In the second book of Ursula K. Le Guin’s Earthsea cycle, the wizard Ged tells the priestess Arha that she has a choice. Stay and serve the nameless grim gods of the tomb, as she has done the last ten years of her life, or walk away from them into the light. Arha knows nothing but the dark, not even her original name. Before a religious order named her Arha, the Eaten One, she was Tenar; she had a family, an identity, choices. She can be Tenar again, but only if she can admit that she’s wasted her entire life on false gods, and only if she follows Ged out of the tombs and into a world she has never really known.
The Earthsea books are set in a world where dragons are real and so is magic. As Arha’s choice so poignantly demonstrates, Le Guin explored these fantastical worlds out of an interest in the liberatory possibilities of the human imagination. “Imaginative fiction trains people to be aware that there other ways to do things, other ways to be; that there is not just one civilization, and it is good, and it is the way we have to be,” Le Guin says in Arwen Curry’s new documentary, The Worlds of Ursula K. Le Guin. Le Guin spoke in defense of science fiction and fantasy, which were and often still are maligned or outright ignored by critics. But her statement admits another, deeper necessity: We must be trained to imagine.
But imagine what? Not just magic and dragons, though Le Guin wrote of both—and who wouldn’t, if they had the chance? These elements loop in and out of Le Guin’s profoundly political body of work, a dimension Curry unveils with welcome clarity in her film, which was completed before Le Guin’s death in 2018 at the age of eighty-eight. By that time, Le Guin enjoyed preeminence within her genre and outside it. She won seven Hugo Awards, six Nebula Awards, and twenty-two Locus Awards, and the U.S. Library of Congress decreed her a “Living Legend” in 2000. Curry presents a strong case for solidifying that understanding of Le Guin as a great American author and as a public intellectual, dragons and all.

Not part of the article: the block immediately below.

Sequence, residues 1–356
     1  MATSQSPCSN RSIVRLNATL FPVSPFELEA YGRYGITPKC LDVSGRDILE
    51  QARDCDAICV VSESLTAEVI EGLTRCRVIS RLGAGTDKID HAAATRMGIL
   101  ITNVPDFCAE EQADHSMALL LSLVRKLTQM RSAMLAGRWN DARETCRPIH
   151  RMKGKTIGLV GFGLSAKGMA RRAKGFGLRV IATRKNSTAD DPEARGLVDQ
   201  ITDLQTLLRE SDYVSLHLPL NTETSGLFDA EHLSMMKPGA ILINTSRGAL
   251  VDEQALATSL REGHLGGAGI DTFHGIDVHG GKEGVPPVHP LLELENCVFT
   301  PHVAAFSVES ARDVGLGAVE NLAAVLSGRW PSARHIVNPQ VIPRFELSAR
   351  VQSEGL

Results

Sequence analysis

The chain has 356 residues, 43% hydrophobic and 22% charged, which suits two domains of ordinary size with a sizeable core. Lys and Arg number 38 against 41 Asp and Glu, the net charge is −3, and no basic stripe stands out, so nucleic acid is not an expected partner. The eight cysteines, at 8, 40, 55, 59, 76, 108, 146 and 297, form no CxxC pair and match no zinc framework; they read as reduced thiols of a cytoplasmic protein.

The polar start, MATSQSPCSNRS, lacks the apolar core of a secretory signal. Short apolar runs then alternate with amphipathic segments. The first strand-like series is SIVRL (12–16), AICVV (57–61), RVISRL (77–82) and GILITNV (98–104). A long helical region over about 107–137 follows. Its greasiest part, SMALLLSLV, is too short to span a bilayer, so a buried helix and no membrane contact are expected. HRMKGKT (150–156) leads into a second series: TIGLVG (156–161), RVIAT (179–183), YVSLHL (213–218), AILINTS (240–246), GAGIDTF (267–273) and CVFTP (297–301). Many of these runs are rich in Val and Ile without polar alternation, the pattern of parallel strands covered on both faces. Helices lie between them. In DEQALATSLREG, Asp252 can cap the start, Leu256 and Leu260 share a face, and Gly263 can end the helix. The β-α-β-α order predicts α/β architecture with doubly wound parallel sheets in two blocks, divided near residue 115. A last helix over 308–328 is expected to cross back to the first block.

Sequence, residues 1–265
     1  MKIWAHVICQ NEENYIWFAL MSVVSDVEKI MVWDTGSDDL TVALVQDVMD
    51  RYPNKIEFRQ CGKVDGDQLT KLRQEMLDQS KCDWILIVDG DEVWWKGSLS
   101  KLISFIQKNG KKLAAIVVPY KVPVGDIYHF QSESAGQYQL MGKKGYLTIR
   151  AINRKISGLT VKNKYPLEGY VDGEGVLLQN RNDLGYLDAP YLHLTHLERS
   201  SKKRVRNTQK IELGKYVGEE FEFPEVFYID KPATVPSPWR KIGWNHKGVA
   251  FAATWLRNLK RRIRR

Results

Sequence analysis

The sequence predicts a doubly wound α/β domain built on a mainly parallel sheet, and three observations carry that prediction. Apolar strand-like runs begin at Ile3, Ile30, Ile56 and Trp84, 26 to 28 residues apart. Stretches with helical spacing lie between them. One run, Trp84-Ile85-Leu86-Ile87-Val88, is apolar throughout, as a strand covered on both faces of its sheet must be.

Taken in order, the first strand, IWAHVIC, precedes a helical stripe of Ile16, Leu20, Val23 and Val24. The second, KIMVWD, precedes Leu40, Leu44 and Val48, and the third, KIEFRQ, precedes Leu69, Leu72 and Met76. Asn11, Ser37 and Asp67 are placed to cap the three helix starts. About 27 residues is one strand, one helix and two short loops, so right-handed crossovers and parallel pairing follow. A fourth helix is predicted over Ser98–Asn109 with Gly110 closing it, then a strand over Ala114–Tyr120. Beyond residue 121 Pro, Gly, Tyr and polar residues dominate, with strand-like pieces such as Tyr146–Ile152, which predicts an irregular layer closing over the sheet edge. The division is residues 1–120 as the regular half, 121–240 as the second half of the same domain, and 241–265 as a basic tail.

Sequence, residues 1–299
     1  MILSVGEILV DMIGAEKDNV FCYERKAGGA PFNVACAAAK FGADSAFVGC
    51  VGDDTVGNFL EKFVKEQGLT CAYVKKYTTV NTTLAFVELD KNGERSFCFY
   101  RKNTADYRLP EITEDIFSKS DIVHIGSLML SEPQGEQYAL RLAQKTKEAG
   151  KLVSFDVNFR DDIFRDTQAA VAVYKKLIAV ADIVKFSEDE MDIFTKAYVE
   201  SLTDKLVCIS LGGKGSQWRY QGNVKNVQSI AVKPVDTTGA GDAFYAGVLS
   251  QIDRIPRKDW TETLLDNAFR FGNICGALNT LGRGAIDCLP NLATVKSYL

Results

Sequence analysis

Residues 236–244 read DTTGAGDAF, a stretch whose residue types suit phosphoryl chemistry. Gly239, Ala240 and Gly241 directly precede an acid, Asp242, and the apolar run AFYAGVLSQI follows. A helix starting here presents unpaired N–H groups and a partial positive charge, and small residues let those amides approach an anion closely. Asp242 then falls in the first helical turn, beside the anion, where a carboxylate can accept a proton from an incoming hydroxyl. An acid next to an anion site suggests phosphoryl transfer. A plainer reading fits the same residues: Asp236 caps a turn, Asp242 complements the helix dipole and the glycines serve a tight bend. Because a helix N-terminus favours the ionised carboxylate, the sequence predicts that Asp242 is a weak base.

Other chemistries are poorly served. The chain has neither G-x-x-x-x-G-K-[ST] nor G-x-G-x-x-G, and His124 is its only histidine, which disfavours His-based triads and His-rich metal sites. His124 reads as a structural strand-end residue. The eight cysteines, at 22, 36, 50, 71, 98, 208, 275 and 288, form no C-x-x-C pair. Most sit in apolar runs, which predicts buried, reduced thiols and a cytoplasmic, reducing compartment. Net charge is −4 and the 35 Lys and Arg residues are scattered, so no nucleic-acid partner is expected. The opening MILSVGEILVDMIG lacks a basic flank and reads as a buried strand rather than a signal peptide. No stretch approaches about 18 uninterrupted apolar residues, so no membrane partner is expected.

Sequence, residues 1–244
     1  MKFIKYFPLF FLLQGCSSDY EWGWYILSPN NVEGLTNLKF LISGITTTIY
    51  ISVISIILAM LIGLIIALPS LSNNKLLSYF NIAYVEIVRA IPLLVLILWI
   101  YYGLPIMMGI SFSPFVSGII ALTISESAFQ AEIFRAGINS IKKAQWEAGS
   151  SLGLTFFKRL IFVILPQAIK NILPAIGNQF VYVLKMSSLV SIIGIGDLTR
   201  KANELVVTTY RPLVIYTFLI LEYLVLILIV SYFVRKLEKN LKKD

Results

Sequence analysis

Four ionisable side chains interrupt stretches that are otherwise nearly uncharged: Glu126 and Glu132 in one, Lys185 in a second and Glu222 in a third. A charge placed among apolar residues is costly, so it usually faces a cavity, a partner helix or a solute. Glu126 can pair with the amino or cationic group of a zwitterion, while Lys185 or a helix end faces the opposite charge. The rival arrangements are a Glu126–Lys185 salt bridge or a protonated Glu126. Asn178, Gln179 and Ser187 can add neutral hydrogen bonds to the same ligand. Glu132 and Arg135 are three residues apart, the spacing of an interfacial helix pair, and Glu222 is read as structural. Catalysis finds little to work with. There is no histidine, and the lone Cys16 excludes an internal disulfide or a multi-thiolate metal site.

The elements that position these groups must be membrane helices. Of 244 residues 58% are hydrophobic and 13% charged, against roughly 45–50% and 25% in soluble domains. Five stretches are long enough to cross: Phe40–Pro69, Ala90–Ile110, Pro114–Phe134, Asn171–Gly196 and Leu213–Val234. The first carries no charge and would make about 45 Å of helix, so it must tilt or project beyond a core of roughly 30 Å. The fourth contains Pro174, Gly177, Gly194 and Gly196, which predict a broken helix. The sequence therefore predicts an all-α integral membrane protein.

Le Guin is rightly remembered for her contributions to the genre she so doggedly defended. Her science fiction displays remarkable range and originality, shaped by her upbringing as the daughter of renowned anthropologist Alfred Louis Kroeber. She dreamed up flying cat-horse creatures and invented a galactic utopia concerned more with the collection of knowledge than with waging war. One of her most imaginative and unusual works, Always Coming Home (1985), presents the collected songs and stories of the post-industrial Kesh people, who live far in the future of Earth.
Schools for young wizards and the magical import of a person’s true and secret name are common tropes in fantasy now, but they have their origins in the Earthsea cycle (1964–2018). Le Guin likely invented the concept of the ansible, a device that transmits faster-than-light communication across the ...
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